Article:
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  • “Deep deep into the river of her mind”:“Meneseteung” and the Archival Hysteric
  • Katrine Raymond (bio)

While the diagnosis may be officially defunct, the language of hysteria is still rampant in popular, cultural, literary, and scientific discourses. A search on the term “hysteria” in PubMed returns over five hundred hits from the year 2000 to date. As one of the slipperiest illnesses of the mind, hysteria continues to invoke fear, curiosity, and the desire for interpretive mastery.1 Studied by a range of scholars including historians, feminists, psychiatrists, sociologists, and ethnologists, hysteria has been defined primarily by its protean and varied symptoms such as headaches, dysmenorrhea, alterations in mood, pain, non-organic paralysis, and general weakness that resemble symptoms of other, more fully understood diseases. According to Canadian historian Wendy Mitchinson, nineteenth-century hysterics suffered from the nebulous symptoms of violent emotions [End Page 95] and attention-seeking behaviour (285). All of these symptoms could be explained by hysteria’s defining characteristic: a “lack of control over the emotions,” which most doctors perceived as a predominantly female problem (Mitchinson 280). Seeing hysteria as a dysfunction of the mind and body, many nineteenth-century hysterical sufferers and their families turned to the medical profession for help (Mitchinson 281).

While hysteria’s cultural significations changed over the centuries, the figure of the hysteric was largely feminized in the nineteenth century.2 What can we learn from the nineteenth century’s hysterical legacy? In particular, how does the body—the self-regulating, respirating, digesting, thinking, eliminating human body—figure into this feminized and protean illness of the mind? In many ways, contemporary literature has been able to go further than medical science in exploring the causes and healing of hysteria. While the medical field eschews the speculative, anecdotal, and liminal, fiction embraces multiple ways of knowing. Bestselling fictions including Jane Urquhart’s Away (1993) and Margaret Atwood’s Alias Grace (1996) turn to the archives of nineteenth-century Ontario to explore how and why the hysterical mindbody acts as an archive of past emotional traumas and how this might suggest a model of recovery.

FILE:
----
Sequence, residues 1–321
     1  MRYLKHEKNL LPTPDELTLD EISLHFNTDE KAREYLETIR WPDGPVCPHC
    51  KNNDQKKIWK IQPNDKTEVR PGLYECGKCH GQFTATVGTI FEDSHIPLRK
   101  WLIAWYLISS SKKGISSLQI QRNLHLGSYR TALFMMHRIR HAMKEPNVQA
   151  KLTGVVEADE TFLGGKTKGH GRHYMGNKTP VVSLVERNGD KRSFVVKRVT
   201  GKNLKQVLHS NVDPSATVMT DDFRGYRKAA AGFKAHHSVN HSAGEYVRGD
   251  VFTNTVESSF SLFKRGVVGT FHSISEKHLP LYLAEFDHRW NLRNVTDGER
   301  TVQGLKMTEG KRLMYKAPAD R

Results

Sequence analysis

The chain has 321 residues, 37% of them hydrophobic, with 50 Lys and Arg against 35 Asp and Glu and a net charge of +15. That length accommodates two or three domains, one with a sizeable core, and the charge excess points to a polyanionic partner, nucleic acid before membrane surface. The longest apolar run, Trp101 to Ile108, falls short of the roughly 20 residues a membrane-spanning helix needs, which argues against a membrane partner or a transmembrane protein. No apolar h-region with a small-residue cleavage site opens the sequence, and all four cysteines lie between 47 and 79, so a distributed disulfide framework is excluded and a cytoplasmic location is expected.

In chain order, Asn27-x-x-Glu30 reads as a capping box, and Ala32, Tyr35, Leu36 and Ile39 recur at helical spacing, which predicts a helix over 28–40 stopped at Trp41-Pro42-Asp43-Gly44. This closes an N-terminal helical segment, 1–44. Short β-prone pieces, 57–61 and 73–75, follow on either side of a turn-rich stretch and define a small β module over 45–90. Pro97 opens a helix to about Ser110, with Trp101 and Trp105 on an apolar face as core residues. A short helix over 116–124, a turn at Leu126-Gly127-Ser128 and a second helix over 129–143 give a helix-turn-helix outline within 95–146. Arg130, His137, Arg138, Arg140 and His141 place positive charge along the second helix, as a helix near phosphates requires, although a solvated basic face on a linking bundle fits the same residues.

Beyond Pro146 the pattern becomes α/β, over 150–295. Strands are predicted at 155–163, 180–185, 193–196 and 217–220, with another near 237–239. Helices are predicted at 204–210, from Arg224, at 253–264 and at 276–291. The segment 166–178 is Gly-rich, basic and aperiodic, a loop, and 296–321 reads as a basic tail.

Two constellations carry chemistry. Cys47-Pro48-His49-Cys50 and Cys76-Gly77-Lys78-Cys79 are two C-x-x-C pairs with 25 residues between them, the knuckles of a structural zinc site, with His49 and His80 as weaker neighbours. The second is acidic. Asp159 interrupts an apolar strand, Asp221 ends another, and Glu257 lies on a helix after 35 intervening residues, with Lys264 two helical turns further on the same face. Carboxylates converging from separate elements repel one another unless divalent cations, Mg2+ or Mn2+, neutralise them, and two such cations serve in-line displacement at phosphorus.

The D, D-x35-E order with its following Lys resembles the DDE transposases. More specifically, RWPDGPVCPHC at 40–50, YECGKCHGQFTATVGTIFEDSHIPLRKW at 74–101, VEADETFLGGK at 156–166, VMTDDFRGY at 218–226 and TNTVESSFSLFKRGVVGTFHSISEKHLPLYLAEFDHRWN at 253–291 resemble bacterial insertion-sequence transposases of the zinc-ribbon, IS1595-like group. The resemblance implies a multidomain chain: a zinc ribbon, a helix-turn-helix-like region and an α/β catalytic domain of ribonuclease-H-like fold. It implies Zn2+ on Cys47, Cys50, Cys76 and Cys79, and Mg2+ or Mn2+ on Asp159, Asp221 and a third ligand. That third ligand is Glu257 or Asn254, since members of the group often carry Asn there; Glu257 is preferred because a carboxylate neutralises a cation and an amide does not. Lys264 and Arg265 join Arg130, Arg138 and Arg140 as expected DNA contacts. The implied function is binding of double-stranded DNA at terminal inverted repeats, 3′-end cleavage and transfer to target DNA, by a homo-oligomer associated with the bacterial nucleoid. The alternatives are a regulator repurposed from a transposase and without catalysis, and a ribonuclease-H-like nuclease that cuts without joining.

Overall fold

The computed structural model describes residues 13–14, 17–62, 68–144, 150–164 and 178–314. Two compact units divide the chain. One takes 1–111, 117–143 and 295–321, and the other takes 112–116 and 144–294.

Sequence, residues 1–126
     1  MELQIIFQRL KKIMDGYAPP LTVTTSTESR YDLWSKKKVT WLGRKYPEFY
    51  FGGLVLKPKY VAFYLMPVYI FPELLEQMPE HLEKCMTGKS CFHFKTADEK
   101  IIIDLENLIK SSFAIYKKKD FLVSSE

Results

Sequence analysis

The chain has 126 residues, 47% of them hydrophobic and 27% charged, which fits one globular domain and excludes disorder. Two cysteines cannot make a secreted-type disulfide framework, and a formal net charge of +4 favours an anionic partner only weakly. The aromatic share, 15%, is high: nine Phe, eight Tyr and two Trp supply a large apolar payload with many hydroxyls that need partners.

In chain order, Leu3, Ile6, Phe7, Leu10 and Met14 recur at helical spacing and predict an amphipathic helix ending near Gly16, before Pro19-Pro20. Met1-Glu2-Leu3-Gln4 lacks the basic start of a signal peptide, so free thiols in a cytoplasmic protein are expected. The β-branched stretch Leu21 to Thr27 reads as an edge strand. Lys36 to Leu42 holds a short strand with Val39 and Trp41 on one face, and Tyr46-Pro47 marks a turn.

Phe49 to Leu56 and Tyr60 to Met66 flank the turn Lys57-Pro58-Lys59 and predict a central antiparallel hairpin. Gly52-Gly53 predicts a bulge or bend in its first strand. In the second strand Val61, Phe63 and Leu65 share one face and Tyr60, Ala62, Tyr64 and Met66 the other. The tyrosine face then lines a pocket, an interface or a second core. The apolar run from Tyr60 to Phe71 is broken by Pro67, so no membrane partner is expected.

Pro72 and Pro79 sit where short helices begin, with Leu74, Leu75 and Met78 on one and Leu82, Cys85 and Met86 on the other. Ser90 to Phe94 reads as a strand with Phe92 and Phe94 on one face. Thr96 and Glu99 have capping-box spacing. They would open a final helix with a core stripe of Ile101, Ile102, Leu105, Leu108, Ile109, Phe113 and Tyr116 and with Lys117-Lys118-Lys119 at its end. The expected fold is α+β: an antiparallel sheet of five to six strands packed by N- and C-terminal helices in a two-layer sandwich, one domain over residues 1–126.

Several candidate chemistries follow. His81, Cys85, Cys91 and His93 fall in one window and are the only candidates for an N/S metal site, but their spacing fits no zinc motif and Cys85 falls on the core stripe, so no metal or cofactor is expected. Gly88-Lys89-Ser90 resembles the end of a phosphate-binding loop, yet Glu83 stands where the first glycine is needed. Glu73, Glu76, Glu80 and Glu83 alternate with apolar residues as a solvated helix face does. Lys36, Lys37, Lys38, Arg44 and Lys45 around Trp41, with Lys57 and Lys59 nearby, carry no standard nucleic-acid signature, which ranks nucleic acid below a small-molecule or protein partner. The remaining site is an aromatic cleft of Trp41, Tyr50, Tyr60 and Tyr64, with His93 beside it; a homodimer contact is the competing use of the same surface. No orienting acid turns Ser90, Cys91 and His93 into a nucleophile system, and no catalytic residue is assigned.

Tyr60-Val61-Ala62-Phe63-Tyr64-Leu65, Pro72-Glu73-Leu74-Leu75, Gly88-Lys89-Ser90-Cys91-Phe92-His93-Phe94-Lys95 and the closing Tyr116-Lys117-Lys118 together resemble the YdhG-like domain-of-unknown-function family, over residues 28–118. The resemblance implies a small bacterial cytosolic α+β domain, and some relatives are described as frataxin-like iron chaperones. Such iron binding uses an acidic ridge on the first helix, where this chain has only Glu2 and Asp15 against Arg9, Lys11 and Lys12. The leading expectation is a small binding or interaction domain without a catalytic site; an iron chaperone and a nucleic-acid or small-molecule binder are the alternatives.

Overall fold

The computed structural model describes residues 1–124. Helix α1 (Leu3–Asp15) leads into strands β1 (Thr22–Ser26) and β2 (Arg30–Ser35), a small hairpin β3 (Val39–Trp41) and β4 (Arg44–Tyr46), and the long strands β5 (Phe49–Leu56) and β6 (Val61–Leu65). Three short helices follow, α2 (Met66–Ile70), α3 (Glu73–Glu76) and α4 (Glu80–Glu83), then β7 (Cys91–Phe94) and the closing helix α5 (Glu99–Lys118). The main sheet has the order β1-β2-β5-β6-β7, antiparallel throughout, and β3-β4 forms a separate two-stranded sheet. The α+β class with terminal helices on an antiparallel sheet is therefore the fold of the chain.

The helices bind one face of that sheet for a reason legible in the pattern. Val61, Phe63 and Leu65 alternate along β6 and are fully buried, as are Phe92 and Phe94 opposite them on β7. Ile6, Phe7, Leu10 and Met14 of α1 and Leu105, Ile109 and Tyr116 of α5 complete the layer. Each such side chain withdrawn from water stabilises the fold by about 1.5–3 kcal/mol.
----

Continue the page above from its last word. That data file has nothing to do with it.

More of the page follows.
In particular, I would like to explore how Alice Munro’s “Meneseteung” (1990) uses the archive as a literal and figurative structure to tell the story of a hysterical nineteenth-century Ontario poetess. In both the story and nineteenth-century medical discourses, the hysterical body interacts with its environment in complex and unexpected ways. “Meneseteung” was written at a critical point in the history of mental illness. While the psychopharmacological revolution started in the 1950s, the emergence of Prozac in 1987 changed the contemporary psychiatric landscape, with family doctors in addition to psychiatrists prescribing the pills.3 Elizabeth [End Page 96] Wilson notes a change in the 1990s with a “transition from feminist politics under the influence of anti-psychiatry to feminist politics after Prozac” (“Organic Empathy” 376). In the medicalized context of the 1990s, a sufferer may see herself as a victim of a medical condition: “The medications make it easier for someone who is afflicted by such a mental illness to think of it as something ‘other,’ a thing, almost an agent that acts upon one” (Hacking 113). In the nineteenth century, however, hysteria was seen less as an agent in itself but rather as a potential—and even “natural”—part of female subjectivity. As hysteria was treated by wide-ranging therapies including surgery, blistering, botanical remedies, marriage, talk therapy, cold douches, firm pressure applied to the ovaries, clitoridectomy, and rest (Mitchinson 286-88), the nineteenth-century conception of the condition rooted it in the social, biological, and cultural life of the sufferer.

In “Meneseteung,” Munro depicts her hysterical heroine as both a sufferer and a resistant subject; hysteria is impacted by social and familial trauma, and it springs from the complexities of the mind-body connection. In terms of understanding hysteria, the story shows us that there is much to learn from our predecessors; contemporary Western science is slowly returning to considerations of an eccentric, non-hierarchical mindbody.4 The term mindbody becomes particularly provocative because it refuses to consider each component as a discretely functioning entity. As Elizabeth A. Wilson argues in her analysis...